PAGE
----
Hydrogen Peroxide Topical Solution, 40% (w/w) for the Treatment of Seborrheic Keratoses

A Review

Emily C. Murphy, BS; Adam J. Friedman, MD

Disclosures

Skin Therapy Letter. 2020;25(1):1-4. 

In This Article

Adverse Effects of HP40

In the phase 3 trials, 21% of the HP40 group and 19% of the vehicle group reported adverse effects; most were mild to moderate and all were limited to local skin reactions.[20] Three events related to HP40 were considered severe: application site pain, a burn from treatment, and a burning sensation. Ten minutes after HP40 application, erythema was observed in 91% of SKs and edema in 75% of SKs. By day 106, the percentage of HP40-treated SKs with erythema decreased to 10.1% and no SKs exhibited edema. Other symptoms at day 106 included scaling (8.0%), hyperpigmentation (7.8%), crusting (5.4%), hypopigmentation (3.0%), scarring (<1%), and erosion (<1%).[20] Examining skin reactions by anatomic location, Smith et al. found that SKs on the face showed the lowest rates of hyperpigmentation (2.3% versus 10.8% trunk, 6.9% extremities), hypopigmentation (1.9% versus 3.5% trunk, 3% extremities), and scarring (0% versus 0.6% trunk, 1% extremities).[22]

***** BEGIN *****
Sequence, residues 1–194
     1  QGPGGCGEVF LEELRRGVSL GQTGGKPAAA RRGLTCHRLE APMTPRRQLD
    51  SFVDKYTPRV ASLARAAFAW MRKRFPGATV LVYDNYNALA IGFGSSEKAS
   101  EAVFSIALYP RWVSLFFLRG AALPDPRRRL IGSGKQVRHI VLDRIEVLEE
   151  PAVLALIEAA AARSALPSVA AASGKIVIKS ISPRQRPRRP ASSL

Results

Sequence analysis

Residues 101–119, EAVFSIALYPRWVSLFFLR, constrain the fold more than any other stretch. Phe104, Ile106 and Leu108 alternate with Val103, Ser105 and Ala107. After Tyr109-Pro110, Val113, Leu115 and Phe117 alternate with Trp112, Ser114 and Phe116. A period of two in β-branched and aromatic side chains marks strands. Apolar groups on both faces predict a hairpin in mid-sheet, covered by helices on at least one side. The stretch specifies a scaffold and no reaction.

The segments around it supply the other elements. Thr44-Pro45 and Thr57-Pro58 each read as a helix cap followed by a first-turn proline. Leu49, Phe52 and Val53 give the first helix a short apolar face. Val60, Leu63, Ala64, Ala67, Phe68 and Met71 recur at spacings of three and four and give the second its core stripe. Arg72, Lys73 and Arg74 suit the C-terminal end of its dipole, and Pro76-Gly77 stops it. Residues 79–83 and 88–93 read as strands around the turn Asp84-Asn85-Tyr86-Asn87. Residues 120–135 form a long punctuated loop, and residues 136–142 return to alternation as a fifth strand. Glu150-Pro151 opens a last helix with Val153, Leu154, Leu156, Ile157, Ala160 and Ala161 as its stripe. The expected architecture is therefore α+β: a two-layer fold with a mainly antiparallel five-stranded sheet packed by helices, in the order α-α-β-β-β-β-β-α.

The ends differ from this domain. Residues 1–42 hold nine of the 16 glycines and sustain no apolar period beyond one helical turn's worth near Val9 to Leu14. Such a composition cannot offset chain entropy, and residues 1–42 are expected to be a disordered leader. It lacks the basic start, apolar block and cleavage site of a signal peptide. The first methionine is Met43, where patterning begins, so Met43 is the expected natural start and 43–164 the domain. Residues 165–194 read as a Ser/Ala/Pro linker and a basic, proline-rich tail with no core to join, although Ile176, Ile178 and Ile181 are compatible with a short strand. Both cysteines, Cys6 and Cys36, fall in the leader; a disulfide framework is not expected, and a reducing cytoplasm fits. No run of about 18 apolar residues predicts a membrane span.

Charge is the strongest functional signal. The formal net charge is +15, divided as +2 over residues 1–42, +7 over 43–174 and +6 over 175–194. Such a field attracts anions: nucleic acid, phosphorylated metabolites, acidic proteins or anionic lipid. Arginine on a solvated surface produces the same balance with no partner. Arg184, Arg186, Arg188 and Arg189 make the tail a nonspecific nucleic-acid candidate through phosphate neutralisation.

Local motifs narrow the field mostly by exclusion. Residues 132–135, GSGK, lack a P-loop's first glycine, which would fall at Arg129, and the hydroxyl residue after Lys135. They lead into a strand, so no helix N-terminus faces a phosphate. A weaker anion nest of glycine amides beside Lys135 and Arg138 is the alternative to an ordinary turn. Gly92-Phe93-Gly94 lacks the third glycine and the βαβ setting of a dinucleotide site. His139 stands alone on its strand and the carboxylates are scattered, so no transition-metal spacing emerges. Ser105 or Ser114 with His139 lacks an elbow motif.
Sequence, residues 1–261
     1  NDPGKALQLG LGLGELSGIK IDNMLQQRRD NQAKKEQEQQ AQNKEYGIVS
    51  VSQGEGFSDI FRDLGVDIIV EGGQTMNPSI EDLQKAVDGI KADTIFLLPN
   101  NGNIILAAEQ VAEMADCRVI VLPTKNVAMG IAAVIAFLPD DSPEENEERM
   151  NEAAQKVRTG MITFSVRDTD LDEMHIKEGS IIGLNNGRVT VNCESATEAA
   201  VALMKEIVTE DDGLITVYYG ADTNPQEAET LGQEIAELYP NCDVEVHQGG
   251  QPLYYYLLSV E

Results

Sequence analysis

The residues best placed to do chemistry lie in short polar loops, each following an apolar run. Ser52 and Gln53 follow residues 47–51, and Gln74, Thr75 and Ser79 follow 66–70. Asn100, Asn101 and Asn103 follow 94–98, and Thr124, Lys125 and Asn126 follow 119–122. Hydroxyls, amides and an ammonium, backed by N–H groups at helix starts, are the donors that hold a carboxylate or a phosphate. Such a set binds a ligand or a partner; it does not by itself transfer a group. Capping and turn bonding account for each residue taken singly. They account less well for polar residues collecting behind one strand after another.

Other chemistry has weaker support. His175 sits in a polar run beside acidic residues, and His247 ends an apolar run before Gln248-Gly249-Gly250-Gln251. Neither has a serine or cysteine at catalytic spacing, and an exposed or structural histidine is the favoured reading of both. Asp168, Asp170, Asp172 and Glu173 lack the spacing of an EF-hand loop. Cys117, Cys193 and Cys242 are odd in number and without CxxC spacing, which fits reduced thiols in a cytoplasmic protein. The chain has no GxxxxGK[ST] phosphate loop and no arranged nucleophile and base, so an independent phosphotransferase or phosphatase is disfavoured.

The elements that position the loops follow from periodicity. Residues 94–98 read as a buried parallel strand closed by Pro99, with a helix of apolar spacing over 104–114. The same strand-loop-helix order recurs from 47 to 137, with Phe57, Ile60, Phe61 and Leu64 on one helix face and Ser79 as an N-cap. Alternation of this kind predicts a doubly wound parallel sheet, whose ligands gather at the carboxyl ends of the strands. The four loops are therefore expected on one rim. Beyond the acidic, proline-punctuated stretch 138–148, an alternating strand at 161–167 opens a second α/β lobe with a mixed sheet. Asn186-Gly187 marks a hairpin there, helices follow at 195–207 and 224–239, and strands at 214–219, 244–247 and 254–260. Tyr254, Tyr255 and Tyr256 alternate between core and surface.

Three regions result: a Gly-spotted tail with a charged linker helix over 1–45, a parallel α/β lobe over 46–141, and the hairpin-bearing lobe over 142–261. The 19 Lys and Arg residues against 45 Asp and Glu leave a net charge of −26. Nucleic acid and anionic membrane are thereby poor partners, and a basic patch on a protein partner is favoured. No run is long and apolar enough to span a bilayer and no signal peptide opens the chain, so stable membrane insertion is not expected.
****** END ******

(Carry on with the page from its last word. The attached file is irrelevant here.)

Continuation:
While the risks of pigmentary changes and scarring at day 106 were low, especially for facial SKs, 98.8% of the study sample were FST I-IV, with only 7.3% having FST IV, so the effects on patients with FST IV or higher could not be adequately assessed.[20] A study by Kao et al. used an ex vivo model of human FST V skin to explore the toxicity of HP40 (1 and 2 μL) compared to cryotherapy (5- and 10-second cycles).[23] A colorimetric MTT assay was used to measure overall cytotoxicity and S100 stained-melanocytes were quantified to assess melanocyte toxicity. The authors found that HP40 was less cytotoxic overall and to melanocytes compared with cryotherapy, meaning that HP40 may cause less pigmentary changes in patients with dark skin.[23] However, clinical trials comparing the adverse effects of HP40 and cryotherapy are needed before conclusions can be drawn. Given hyperpigmentation was seen in 8% of HP40-treated SKs[20] and patients with darker skin are more prone to pigmentary changes,[7] HP40 should be used cautiously in FST IV-VI patients until further research is done.

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